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Alphabet’s Verily seeks to eradicate dengue in Singapore

by Ozva Admin
Alphabet’s Verily seeks to eradicate dengue in Singapore

Singapore could become the first dengue-free country in the tropics, according to Verily, Alphabet’s life sciences unit, if the government decides to use its technology citywide to combat the mosquito-borne disease.

Dengue claims 300 million victims each year, with 90 million serious cases and tens of thousands of deaths, most of them children. In Singapore, cases have risen this year, with the average weekly number in early December 20 percent higher than normal, according to the National Environment Agency.

But in some residential neighborhoods where NEA and Verily have conducted field tests, the story is different. Verily’s technology fights dengue Aedes aegypti mosquitoes with the release of others raised in facilities wolbachianaedes mosquitoes. The NEA has reported up to 98 percent suppression of the Aedes aegypti population and an 88 percent reduction in dengue cases after at least a year of releases under Project Wolbachia, which Truly joined in 2018.

“We could do Singapore the first dengue-free country in the tropics,” said Linus Upson, who runs Verily’s Debug Project out of California and previously worked at Google. “We are making sure that our [island-wide] proposal is scientifically and economically sound. . . and I will make you a proposal [the Singapore government] in the coming months.”

Projects to sterilize insects have been around for decades and Verily has tested the technology elsewhere, such as California, but Singapore’s high density is seen as a particularly ambitious opportunity to test an entire country.

Businesses, including resorts and hotels in hot, tropical locations, could eventually be customers of the technology, though concerns remain about the environmental impact, as insects are pollinators that affect plant growth. There are also questions about whether the poorer governments of Southeast Asia could afford to replicate the project of wealthy Singapore.

Aedes aegypti it is the main vector driving dengue transmission in Singapore and can also transmit yellow fever, chikungunya and Zika viruses.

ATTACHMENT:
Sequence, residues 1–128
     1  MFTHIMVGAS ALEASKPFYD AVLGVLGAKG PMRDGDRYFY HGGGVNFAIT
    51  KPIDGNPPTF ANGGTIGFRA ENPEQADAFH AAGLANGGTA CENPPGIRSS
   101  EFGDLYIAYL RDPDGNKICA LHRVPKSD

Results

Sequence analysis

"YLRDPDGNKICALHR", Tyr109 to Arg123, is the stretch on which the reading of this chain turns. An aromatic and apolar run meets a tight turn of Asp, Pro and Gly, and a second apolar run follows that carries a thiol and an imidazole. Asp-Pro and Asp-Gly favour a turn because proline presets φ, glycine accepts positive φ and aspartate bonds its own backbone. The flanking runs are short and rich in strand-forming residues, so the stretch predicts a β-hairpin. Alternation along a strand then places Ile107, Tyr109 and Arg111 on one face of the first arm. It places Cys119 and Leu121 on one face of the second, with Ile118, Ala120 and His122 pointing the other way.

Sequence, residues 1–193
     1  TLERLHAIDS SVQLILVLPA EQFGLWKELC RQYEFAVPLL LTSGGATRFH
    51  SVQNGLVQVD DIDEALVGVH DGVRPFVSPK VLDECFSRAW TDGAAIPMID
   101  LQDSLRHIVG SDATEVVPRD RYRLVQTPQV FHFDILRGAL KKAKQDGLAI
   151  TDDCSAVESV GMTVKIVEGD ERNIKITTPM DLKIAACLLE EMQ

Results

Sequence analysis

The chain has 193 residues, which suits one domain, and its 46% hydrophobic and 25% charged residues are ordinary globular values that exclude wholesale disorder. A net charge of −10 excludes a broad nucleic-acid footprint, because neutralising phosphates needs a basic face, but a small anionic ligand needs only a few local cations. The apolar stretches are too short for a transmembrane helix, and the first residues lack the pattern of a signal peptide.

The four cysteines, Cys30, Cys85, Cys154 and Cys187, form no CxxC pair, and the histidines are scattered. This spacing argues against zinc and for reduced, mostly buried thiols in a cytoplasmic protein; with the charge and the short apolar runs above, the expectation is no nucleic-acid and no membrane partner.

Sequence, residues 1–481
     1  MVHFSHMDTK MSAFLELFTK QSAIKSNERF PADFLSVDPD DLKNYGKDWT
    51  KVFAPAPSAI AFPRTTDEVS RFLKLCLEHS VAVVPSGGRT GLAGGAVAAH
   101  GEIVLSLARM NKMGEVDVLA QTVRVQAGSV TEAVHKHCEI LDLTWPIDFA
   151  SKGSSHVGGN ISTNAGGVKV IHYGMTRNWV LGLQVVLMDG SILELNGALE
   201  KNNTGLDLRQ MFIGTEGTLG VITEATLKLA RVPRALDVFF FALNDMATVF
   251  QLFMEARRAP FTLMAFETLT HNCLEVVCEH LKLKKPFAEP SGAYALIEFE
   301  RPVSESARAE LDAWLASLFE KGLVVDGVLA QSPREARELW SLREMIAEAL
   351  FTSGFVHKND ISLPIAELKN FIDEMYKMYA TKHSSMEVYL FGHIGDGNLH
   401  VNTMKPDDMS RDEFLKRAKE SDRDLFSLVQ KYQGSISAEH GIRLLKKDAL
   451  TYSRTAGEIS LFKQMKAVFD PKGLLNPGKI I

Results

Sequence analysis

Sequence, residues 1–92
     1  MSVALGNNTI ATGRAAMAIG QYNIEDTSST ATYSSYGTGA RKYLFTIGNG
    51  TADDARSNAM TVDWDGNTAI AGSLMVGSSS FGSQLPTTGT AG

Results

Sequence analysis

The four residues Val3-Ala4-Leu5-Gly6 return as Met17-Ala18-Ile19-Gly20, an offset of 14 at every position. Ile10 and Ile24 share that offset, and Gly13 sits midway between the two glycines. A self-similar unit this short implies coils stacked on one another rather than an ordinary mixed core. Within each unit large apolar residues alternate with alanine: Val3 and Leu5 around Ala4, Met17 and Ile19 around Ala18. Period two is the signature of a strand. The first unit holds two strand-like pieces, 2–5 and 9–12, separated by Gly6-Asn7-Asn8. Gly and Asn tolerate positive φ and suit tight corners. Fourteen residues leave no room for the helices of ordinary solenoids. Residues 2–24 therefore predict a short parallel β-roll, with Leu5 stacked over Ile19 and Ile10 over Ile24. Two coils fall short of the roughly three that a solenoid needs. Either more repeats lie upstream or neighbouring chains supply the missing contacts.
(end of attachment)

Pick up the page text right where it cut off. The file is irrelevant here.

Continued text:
The key to eradicating it is to use wolbachian — common bacteria that naturally occur in 50 percent of insect species — for suppression. Verily’s highly automated facility in Singapore and a team of scientists, engineers and specialists breed mosquitoes, sort them according to sex and then release the males to mate with wild females. Verily males have wolbachianwhile wild Aedes aegypti females do not, making them incompatible. The females lay eggs, but never hatch.

Day-old mosquito larvae ready to be dosed in Debug's hatchery at their Singapore manufacturing facility
Day-old mosquito larvae ready to be dosed in Debug’s incubator at its Singapore manufacturing facility © Verily Life Sciences.

“The concept is quite interesting because they are adding to the total number of mosquitoes to reduce the population. It has worked here and elsewhere, although we need to determine if the overall benefit is worth the environmental impact and cost,” said a science professor from the city-state, who asked to speak anonymously because it is a government project.

Other projects that do not focus on repression have also been successful. The Global Mosquito Program, which works in 12 countries from Australia to Brazil and Fiji, breeds and releases wolbachian-Mosquitoes infected weekly for a period of up to 20 weeks. After one year, the wild population in the target area becomes infected and the bacteria can block the replication of viruses, including dengue.

“We immunized them effectively,” said Cameron Simmons, director of global implementation for the Global Mosquito Program and director of the Vector-Borne Diseases Institute at Monash University. There were no more and no fewer mosquitoes with the WMP method, he said. Nor was it necessary to repeat it and it did not require large industrial and automated facilities.

The WMP trial in Yogyakarta, Indonesia showed a 77% reduction in dengue cases and an 86% reduction in dengue hospitalizations in wolbachian-treated areas compared to untreated areas.

“High-income countries like Singapore or US states can afford the male mosquito method used by Verily. But in cities like Jakarta, Bangkok or Ho Chi Minh City, both the mosquito and human populations are much higher, making it more difficult and expensive. [That technology] it has not been tested at scale,” added Simmons. “We do not solve the problem of people who are bitten. The mosquitoes are still there, but we solved the health problem”.

Proponents argue that suppression techniques remain cheaper than the cost of public health in the long run. Research by the NEA estimated the economic impact of dengue at between $1 billion and $2.2 billion between 2010 and 2020.

Upson agreed that any interference had an environmental impact, but said the problem of invasive mosquito species like Aedes aegypti — which is not native to Southeast Asia — had become increasingly serious for governments and health systems.

The cost of Verily’s program in Singapore “would be less than the direct costs of dengue care,” he argued.

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